It’s crunch time for mining company BHP (BHP). This week, shareholders will vote on plans to end its dual listing in London and Sydney. Investors are expected to back proposals that could see BHP lose its FTSE 100 status and move its main listing to Australia, which has implications for both active and passive UK funds and the income they receive.
Currently BHP is two separate legal entities: BHP Group Plc, listed in London with the ticker BHP and Johannesburg and in New York as an American Depository Receipt (ADR); and in Sydney as BHP Group Limited with the same ticker.
The London shares trade at £23.78 and the Sydney shares trade at $46.68, based on prices on January 14. Even taking exchange rates into account, the Australian-listed shares trade at a premium, and this may tempt UK holders of the shares to hold on to them in the hope of a modest bounce in the value of their holdings.
At the moment, UK and Australian shareholders have equal voting rights and the company’s HQ is in Melbourne, Australia. The country is, after all, the base for the company’s mining activities — Queensland is the centre of its iron ore operations, with nickel produced out of Western Australia and coal in New South Wales.
Why is BHP Proposing This?
The company says it continually reviews the existing structure to see if it is fit for purpose. Unifying the two companies would help speed up corporate decisions such as mergers and acquisitions, BHP argues. For example, BHP Petroleum is planning to merge with Woodside Petroleum, a deal that could provide a windfall for existing BHP shareholders.
Of course, the carbon transition is a factor in BHP wanting greater flexibility in buying and selling off assets. BHP is conducting a review into its oil and gas assets, which were written down in value in 2021. This debate is taking place across the entire resources sector, with Shell under pressure to hive off legacy assets and focus on renewables. Shell itself has just received unanimous approval to delist from Amsterdam, shift its main listing to London, and clean up its share structure.
What Happens Next?
If the plans are approved, owners of BHP in London will see their shares swapped on a one-for-one basis for the Australian shares. BHP will remain listed in London but will lose its primary listing status, which means it may not be part of the FTSE 100 any longer. This means UK tracker funds may no longer need to have any allocation to the company.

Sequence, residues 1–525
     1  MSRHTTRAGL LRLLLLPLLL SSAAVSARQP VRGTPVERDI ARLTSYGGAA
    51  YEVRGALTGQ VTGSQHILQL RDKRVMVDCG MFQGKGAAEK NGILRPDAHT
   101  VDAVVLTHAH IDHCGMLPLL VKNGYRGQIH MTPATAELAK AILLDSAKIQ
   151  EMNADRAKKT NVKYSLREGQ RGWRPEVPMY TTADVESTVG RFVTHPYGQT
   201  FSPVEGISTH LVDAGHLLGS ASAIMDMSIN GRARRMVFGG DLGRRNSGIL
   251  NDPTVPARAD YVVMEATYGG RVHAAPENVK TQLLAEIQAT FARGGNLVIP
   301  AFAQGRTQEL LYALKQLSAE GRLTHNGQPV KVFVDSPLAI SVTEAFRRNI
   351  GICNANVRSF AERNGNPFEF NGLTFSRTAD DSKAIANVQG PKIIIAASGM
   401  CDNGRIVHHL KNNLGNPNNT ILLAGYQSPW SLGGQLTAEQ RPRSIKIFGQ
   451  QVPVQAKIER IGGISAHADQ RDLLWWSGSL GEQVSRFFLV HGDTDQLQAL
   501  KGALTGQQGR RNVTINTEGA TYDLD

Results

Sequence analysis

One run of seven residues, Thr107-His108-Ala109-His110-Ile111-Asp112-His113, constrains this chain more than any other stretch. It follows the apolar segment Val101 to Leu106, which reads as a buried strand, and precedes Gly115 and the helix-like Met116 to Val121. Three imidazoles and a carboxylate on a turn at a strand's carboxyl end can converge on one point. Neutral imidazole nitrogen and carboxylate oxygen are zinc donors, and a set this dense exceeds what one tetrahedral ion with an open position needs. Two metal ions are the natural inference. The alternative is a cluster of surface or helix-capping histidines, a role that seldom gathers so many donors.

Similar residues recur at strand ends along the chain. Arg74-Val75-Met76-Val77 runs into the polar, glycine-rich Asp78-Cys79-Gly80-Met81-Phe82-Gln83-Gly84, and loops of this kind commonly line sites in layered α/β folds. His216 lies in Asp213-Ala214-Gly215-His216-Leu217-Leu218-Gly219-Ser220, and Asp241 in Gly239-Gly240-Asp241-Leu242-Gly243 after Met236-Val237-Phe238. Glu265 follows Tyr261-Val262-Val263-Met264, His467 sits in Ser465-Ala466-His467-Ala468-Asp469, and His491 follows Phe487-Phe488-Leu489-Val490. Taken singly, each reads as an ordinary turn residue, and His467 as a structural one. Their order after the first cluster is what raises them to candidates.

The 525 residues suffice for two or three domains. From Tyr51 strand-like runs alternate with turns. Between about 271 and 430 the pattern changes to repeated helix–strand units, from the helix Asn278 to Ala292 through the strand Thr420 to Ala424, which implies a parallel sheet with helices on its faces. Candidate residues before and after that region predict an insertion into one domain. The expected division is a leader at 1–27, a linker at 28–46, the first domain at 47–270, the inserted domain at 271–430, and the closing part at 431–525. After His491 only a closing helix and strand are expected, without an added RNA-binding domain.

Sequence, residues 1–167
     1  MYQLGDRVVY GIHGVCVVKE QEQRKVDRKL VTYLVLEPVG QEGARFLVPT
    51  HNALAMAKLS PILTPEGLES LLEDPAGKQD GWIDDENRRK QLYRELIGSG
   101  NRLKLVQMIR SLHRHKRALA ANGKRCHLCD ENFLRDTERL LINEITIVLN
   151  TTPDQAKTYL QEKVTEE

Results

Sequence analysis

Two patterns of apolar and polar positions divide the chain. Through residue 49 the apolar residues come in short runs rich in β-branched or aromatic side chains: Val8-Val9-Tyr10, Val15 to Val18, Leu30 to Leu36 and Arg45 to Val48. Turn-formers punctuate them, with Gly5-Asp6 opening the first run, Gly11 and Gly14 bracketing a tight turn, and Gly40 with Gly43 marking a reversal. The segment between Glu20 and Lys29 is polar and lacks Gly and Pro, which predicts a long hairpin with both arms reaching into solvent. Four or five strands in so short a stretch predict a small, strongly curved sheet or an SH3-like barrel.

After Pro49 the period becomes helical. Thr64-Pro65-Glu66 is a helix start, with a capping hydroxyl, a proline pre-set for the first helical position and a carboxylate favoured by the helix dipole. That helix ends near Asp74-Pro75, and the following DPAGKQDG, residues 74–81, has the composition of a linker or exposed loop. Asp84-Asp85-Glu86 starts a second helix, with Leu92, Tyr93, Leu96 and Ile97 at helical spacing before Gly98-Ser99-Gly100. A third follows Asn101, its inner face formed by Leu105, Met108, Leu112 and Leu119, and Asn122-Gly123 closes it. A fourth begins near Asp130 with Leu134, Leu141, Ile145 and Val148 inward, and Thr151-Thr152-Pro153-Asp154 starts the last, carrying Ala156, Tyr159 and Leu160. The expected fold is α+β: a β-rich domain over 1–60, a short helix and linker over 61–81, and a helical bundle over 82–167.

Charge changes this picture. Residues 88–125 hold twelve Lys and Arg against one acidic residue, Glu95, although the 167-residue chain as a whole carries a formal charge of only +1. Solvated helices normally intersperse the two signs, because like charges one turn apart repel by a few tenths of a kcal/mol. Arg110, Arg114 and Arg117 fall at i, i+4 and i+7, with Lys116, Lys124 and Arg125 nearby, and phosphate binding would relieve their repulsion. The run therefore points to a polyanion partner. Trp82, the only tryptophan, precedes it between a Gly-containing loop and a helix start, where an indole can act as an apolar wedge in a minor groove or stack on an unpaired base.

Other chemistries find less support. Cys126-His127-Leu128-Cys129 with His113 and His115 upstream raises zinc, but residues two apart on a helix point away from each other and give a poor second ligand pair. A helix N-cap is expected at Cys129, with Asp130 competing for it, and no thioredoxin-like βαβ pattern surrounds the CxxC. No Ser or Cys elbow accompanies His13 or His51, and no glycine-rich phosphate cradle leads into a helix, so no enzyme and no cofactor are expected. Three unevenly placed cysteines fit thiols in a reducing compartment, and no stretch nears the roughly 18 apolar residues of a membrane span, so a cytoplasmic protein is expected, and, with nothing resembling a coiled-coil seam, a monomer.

BHP’s UK shareholders can hold on to their shares in BHP Ltd, or sell them. BHP insists that the the dividend policy will remain unchanged and investors will still be able to receive “franked” dividends, which include a tax credit. And investors will continue to have the same choice on dividends in their local currency, for example.
What’s Happening in Australia?
Hedge funds are using the plans and difference between London and Sydney share prices as arbritrage, as my Australian colleague Lewis Jackson explains.
“Because the local listing has historically traded at a higher price due to franking credits, Plc shareholders will pocket a premium if the deal goes through. Hedge funds are snapping up the cheaper Plc shares and selling Ltd short, planning to close out shorts once the company unifies,” the data journalist says.
He adds that the shares could rise in value if the deal goes through, because Australian trackers funds will have to allocate a bigger weighting to BHP. Shares in BHP are currently some of the most shorted in Australia, but this trend has not shown up in the UK – according to the FCA’s daily register of net short positions.
What Do Our Analysts Think?
Morningstar’s mining analyst Matthew Hodge, meanwhile, says the dual structure has had its day and thinks investors should vote for the unification.
“The dual-listed structure was established 20 years ago as a tax-effective structure following the Billiton merger, and it is no longer necessary in today’s operating environment, with the one group, BHP Group Ltd being sufficient,” he says.
“We think the unification plan makes sense and recommend shareholders vote in favour of the deal. Unification allows BHP to reduce corporate costs while making some forms of corporate activity, such as the proposed merger of BHP Petroleum with Woodside easier.”
What are the Details of the Vote?
Australians are awake before us so they get to vote first on January 20, before London shareholders then have their say. The proposal has a 75% hurdle rate to go through (the hurdle rate is the minimum required returned by a fund, hedge fund manager, or investor). If accepted, the deal will complete at the end of this month.